In vitro, extract-extract interactions between the selected medicinal plants on the test clinical microbial isolates were conducted in the current work. Different extracts from the same plant were not considered. The MICs of the extracts acting alone were reported in a previous study conducted in our laboratory [5, 6]. It was observed that MICs ranged between 3.13 and 25.00 mg/mL. In the current work, the MICs of the extracts in combination are shown in Table 1 (and Additional file 1: Table S1). It was observed that the combined extracts gave considerably lower MICs against the entire tested microorganisms than the extracts alone. The MICs of the extracts in combination were species-specific, ranging from 0.97 to 1.17, 0.97 to 4.69, 0.50 to 1.17, 1.17 to 3.12 and 2.34 to 4.69 mg/mL for E. coli, S. aureus, P. aeruginosa, K. pneumoniae and C. albicans respectively. The lower MICs could be attributed to the enhanced inhibitory activities of the extracts in a combined form. Synergistic studies between extract-extract combinations of plants are limited in the literature, making a comparison of results from different studies exceptionally challenging. Obuekwe et al. [12] reported that different zones of inhibition were measured using diverse extract combinations and indicated that E. coli exhibited a maximum zone concerning the extracts combination of Bryophyllum pinnatum and Ocimum gratissimum in 30 mg/mL concentration (27.25 ± 1.70 mm). Nonetheless, the utmost zone of inhibition was detected with S. aureus in 10 mg/ml concentration regarding ethyl acetate extracts of Ocimum gratissimum and Ficus exasperata (31.75 ± 3.07 mm) [12]. Related research reports indicated that drug interactions between known antibiotics and plant extracts have potential benefits [4].

Table 1 Representative MIC (mg/mL) and FICI of L. barteri, S. alata and R. communis extracts in combination

The combination of more than one category of drug constituent is regularly used in medicine. A particular strategy does not constantly enrich its particular pharmacological effect; combinations comprising two or more components can afford additive, synergistic, or antagonistic effects [19]. Records show that if treatment using a drug combination gives a better pharmacological effect than monotherapy in clinical trials, it can be concluded that it has a synergistic effect [13]. Kumar et al. [14] reported the synergistic activity of oxytetracycline with methanol extract of Thespesia populnea. They observed that the MICs of the combination on 12 different Gram-positive and Gram-negative bacteria were around 62.5–1000 µg/mL.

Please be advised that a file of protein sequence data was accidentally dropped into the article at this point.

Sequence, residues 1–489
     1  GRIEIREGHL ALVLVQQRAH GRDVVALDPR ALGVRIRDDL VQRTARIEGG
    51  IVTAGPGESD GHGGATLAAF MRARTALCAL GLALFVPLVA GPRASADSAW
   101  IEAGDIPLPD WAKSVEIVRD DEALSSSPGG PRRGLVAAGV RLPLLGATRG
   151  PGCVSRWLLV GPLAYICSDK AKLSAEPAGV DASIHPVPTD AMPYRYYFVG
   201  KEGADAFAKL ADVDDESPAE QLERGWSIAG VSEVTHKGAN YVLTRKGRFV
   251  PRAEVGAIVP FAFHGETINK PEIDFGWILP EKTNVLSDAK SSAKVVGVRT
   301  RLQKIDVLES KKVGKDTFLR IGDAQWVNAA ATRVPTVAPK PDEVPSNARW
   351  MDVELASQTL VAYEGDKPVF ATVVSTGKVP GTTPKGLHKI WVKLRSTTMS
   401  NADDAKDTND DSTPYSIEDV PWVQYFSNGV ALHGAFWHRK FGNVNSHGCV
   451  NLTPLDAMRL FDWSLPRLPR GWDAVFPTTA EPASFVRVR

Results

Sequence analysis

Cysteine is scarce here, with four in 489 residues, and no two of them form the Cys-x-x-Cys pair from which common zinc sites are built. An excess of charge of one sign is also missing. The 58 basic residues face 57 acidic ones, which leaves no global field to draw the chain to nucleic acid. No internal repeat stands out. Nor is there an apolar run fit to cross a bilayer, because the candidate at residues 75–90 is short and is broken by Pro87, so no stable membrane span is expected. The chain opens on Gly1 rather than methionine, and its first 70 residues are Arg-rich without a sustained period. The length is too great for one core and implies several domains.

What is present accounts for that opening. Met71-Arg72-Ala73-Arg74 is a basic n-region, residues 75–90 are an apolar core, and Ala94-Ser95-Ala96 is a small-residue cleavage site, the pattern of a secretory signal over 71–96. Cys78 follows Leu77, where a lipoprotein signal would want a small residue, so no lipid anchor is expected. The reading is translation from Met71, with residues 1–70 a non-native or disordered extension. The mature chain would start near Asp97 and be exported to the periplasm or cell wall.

In the current study, it was observed that only LBA + SAE and SAA + RCE combinations showed a synergy effect on all the test microorganisms. However, the other combinations exhibited a synergy effect on at least one microorganism, though some showed an additive effect. For example, LBA + SAA had a synergy effect on all microorganisms except on E. coli which indicated additivity. Furthermore, none of the combinations produced an antagonistic or indifference mechanism (Table 1, Additional file 1: Table S1). According to Caesar and Cech [15], combination therapy is more likely to prevent disease resistance than single pure active constituents. For instance, it is reported that purified artemisinin as monotherapy is more likely to develop resistance in Plasmodium parasites than whole-plant Artemesia annua extracts or refined fractions [16]. It is on this score that the World Health Organization (WHO) has promoted the use of artemisinin combination therapies (ACTs) in the treatment of Plasmodium falciparum malaria to enhance efficacy and reduce resistance. Another renowned antimicrobial agent exhibiting a significant synergistic effect in combination is Co-amoxiclav [20].